Balloons & The Environment

Balloons & the Environment

As a Member of the Pro-Environmental Balloon Alliance (PEBA) :

  1. No Balloon Releases – Members of PEBA do not support, or condone, nor will they facilitate the deliberate release of balloons.
  2. Responsible Use and Disposal of Balloons – Members will follow responsible practices regarding the uses and disposal of all balloons.
  3. Education – PEBA members will continue to educate the general public, clients and venue managers on the importance of not releasing balloons into the environment and correct use and disposal.
  4. Awareness – Members are requested, where possible, to include a link to PEBA on their website, invoices or email signature to help raise awareness.
  5. Community – Members are asked to notify PEBA if they become aware of any environmental issue, pertaining to balloons, or are having any difficulties dealing with anyone in regards to environmental issues.
PEBA is committed to:
  1. Working together with Balloon Professionals, Environmental Groups, Government and the Media to ban the organised, deliberate release of balloons and to educate our customers and the public on the responsible use and disposal of balloons.
  2. Establishing and maintaining a website where all members’ details are listed listed. The website will be regularly updated with relevant information and will be able to be used as a resource for Industry Associations and individual members. Under certain circumstances, it will all so be used as a referral point for Environmental Groups, Government and the Media.
  3. Members will electronically receive Membership Certificates, Email Signatures etc and continual updates in regards to all matters environmental.

 

 

 

Latex Balloons and the Environment

When used responsibly, balloons bring a great deal of colour, fun and excitement to the world.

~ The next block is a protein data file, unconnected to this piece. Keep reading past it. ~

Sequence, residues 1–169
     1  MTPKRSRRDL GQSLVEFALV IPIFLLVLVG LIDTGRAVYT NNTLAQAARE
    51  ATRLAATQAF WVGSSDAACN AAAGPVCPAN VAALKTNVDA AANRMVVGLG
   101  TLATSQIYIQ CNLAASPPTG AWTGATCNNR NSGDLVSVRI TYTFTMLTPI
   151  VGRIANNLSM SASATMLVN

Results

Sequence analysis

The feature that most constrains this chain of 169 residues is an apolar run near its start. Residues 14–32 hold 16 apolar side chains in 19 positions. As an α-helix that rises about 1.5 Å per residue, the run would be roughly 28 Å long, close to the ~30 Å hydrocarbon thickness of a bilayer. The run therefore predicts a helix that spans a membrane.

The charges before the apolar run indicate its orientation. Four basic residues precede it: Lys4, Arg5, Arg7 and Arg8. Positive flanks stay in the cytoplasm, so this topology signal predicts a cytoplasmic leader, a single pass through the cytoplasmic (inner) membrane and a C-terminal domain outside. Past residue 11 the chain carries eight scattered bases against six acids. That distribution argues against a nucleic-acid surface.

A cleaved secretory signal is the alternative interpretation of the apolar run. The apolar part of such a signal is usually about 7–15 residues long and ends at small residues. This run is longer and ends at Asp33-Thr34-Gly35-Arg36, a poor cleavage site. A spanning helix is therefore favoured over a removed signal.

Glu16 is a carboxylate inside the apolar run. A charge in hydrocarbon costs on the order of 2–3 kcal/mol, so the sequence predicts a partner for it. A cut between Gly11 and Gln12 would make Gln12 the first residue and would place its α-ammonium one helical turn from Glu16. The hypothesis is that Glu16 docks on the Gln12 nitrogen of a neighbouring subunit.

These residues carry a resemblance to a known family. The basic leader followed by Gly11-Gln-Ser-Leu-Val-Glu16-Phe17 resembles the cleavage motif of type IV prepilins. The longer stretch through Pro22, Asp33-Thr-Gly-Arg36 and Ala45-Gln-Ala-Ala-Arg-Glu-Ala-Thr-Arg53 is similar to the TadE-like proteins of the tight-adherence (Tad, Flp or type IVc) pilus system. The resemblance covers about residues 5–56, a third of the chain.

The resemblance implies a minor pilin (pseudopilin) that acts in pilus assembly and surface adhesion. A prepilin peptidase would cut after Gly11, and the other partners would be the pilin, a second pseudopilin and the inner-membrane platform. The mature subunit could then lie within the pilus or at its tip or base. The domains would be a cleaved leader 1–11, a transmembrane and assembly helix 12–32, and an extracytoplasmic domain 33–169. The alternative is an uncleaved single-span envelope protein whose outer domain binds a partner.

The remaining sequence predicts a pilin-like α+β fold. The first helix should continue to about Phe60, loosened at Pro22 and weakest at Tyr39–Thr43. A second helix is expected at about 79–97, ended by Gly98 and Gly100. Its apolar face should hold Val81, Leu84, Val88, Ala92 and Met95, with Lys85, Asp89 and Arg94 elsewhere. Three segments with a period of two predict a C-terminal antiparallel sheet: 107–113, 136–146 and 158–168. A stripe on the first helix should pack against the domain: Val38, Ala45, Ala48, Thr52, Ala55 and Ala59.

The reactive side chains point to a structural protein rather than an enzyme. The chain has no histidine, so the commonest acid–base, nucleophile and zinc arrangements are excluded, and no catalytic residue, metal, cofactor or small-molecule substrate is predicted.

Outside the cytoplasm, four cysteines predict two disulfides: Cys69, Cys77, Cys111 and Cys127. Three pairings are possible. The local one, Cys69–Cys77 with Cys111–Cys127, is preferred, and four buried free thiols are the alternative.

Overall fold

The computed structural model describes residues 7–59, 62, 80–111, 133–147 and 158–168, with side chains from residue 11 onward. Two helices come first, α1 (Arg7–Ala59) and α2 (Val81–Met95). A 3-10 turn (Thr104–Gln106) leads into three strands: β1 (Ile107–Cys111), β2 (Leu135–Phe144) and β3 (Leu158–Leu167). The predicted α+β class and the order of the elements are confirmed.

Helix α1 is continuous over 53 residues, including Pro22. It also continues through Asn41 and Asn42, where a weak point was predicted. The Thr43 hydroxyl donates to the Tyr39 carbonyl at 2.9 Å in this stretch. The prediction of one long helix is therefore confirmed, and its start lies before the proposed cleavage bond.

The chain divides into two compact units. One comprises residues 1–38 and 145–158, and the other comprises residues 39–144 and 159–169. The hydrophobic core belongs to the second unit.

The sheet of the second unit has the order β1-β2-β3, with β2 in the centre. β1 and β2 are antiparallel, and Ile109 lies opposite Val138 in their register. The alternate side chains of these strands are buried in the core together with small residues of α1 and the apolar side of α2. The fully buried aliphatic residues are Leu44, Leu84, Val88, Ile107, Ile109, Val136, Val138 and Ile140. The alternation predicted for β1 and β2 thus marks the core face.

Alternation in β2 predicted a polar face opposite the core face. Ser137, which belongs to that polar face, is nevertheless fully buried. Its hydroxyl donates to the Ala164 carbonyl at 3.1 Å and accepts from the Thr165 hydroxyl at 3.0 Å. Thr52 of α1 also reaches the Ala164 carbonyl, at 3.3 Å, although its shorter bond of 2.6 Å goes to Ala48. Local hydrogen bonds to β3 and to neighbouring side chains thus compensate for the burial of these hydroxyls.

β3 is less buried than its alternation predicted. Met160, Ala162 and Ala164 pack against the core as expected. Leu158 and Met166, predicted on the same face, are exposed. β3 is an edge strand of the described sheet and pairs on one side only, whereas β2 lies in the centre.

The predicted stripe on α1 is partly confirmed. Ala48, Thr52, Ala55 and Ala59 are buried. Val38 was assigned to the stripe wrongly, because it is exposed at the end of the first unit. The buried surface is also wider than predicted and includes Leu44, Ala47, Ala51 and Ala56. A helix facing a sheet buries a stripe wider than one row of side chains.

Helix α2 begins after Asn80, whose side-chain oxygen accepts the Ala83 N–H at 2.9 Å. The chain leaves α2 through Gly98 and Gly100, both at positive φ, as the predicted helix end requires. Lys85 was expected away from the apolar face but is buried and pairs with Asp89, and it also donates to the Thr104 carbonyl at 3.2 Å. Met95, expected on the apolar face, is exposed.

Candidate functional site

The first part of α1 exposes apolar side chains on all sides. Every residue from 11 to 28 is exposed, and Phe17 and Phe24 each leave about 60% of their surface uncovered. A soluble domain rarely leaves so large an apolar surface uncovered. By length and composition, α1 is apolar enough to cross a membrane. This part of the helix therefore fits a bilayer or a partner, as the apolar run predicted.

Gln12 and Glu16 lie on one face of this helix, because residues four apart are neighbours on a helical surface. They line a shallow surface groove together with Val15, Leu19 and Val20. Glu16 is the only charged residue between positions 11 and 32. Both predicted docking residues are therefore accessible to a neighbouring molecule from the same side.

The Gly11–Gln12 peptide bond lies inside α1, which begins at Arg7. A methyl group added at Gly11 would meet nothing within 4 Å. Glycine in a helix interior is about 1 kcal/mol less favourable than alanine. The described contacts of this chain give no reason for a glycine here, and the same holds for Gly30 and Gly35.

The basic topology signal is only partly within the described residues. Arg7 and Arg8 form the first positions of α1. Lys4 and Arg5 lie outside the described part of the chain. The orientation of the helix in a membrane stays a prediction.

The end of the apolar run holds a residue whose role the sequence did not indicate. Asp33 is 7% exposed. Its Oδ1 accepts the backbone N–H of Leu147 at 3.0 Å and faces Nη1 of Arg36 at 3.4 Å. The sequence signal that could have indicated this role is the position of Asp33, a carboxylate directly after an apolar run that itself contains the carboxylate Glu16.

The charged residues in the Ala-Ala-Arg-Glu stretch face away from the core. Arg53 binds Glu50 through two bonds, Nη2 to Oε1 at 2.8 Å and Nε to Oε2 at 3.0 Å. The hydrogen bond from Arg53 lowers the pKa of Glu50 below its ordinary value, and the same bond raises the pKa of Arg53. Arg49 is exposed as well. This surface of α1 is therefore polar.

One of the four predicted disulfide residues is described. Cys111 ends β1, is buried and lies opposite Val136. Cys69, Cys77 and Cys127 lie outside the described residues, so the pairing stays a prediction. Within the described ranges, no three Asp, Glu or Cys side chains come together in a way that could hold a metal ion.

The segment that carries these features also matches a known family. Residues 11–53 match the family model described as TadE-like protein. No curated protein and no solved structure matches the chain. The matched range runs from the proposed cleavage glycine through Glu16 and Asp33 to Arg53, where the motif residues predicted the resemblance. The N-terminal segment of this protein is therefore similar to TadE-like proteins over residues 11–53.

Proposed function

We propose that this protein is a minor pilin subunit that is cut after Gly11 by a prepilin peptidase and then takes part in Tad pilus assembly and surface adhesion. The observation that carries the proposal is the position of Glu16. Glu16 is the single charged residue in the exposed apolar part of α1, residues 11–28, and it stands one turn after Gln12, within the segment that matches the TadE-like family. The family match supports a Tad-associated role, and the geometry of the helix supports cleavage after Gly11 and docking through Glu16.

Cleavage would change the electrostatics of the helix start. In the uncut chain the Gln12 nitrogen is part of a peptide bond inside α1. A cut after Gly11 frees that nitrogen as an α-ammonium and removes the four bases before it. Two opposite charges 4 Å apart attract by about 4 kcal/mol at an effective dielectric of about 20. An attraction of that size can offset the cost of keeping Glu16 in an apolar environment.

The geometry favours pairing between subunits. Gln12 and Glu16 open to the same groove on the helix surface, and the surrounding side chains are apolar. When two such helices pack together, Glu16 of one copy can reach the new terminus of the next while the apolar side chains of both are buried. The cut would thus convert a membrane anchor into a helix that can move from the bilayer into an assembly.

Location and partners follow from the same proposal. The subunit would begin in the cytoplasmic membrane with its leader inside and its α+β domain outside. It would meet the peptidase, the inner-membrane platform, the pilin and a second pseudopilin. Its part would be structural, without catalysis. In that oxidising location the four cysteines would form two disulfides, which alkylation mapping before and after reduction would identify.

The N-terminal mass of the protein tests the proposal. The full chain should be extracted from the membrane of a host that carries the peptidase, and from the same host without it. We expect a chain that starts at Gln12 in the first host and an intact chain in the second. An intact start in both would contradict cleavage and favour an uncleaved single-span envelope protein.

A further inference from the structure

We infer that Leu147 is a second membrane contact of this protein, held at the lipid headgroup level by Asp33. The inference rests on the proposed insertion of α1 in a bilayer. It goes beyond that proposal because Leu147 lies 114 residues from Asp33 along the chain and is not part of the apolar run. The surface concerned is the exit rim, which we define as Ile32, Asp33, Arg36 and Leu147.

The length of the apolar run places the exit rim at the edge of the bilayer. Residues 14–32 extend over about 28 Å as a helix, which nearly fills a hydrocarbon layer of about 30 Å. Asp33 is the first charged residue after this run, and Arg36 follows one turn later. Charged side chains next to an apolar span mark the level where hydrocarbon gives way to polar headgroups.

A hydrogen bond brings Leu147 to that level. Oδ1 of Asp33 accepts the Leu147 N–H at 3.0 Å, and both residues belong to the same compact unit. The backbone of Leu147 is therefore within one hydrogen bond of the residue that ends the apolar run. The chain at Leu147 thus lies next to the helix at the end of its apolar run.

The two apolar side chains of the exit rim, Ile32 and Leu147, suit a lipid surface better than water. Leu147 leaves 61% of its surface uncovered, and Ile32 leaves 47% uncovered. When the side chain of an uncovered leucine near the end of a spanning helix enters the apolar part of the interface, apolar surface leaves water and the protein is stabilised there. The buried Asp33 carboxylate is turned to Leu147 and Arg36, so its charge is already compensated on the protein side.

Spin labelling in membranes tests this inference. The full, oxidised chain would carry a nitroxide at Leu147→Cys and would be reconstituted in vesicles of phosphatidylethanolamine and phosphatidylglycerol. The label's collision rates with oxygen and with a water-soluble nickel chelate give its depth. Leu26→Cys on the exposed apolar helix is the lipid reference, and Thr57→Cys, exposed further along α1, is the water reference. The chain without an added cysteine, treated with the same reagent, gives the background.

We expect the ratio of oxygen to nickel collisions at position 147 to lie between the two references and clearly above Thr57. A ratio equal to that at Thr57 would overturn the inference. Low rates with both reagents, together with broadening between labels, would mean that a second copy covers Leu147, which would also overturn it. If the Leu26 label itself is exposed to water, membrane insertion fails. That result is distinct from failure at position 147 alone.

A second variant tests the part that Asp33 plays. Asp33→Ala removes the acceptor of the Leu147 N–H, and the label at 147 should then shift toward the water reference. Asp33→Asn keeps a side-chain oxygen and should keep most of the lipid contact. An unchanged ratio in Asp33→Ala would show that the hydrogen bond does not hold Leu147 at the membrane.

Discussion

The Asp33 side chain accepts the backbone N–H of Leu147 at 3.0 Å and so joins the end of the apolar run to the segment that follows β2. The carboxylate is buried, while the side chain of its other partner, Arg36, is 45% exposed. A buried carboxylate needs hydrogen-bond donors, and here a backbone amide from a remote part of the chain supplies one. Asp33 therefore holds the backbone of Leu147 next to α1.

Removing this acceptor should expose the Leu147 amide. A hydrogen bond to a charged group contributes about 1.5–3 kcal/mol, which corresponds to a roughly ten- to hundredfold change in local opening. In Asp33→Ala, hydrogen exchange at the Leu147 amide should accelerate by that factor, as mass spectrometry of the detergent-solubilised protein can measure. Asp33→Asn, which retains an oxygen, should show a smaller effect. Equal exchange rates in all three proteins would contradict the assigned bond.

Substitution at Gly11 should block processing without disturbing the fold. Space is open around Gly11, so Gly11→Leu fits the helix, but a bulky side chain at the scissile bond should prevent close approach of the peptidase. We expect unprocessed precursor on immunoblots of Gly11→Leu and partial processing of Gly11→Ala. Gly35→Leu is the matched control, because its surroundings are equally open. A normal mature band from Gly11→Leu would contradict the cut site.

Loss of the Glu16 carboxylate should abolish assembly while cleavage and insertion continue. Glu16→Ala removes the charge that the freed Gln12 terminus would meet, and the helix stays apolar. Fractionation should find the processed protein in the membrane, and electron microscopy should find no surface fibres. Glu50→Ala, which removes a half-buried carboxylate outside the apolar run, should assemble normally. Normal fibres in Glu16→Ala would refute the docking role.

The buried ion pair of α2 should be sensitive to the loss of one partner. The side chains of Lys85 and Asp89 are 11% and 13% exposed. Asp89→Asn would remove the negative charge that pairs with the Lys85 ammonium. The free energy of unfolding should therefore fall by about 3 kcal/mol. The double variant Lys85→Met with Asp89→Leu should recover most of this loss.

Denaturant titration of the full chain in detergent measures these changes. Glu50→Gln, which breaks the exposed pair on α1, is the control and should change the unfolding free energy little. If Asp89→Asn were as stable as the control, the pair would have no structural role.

The biodegradability of latex is being studied scientifically worldwide. Latex balloons are made from natural rubber which is a renewable resource and biodegradable, however we do not want balloons to be littering the environment.

The most important actions we can take are:

  • To support effective legislation to ban deliberate organised balloon releases
  • Educate customers and the public on the responsible use and disposal of balloons

A number of latex balloon manufacturers source the natural latex used to make their balloons from Rainforest Alliance Certified Plantations.

The Rainforest Alliance is a growing network of farmers, foresters, communities, scientists, governments, environmentalists and businesses. This network is dedicated to conserving biodiversity and ensuring sustainable livelihoods.

The Rainforest Alliance are an international, non-profit organization working to build strong forests, healthy agricultural landscapes and thriving communities through creative and pragmatic collaboration.

Rubber Trees (Hevea Braziliensis)

Rubber Trees (Hevea Braziliensis)

Latex is a natural product obtained by tapping Rubber Trees.

  1. Rubber Trees are an ancient rainforest species originally from the Amazon Jungle in Brazil.
  2. Chico Mendes, a Brazilian rubber tapper, became famous when he organised the National Council of Rubber Tappers in Brazil to help protest against the clear cutting of land for cattle grazing. Thanks to his efforts, vast areas of “extractive reserves” were set aside, within Brazil. These reserves allow for the sustainable harvest of goods, such as rubber or nuts, and protect against the clear cutting of trees. In 1988 Chico Mendes was murdered by a cattle rancher because of his work to protect the rainforest and the “extractive reserves. His work has been carried on by his co-workers and supporters around the world.
  3. The maintenance and planting of rubber trees has a significant impact on reducing climate change. Carbon sequestration is achieved through the uptake of carbon dioxide from the atmosphere, and its conversion into cellulose and organic matter. The amount of carbon sequestered in one hectare of a 31 year old stand of rubber trees is 596 Megatonnes.
  4. Four Rubber Trees counteract the environmental footprint of an average person from a middle income society.
  5. A single Rubber Tree, during its lifetime, counteracts the carbon emissions from a car being driven 36,000 kilometres.
  6. Rubber plantations are able to sell carbon offsets to a country that emits carbon above agreed-upon l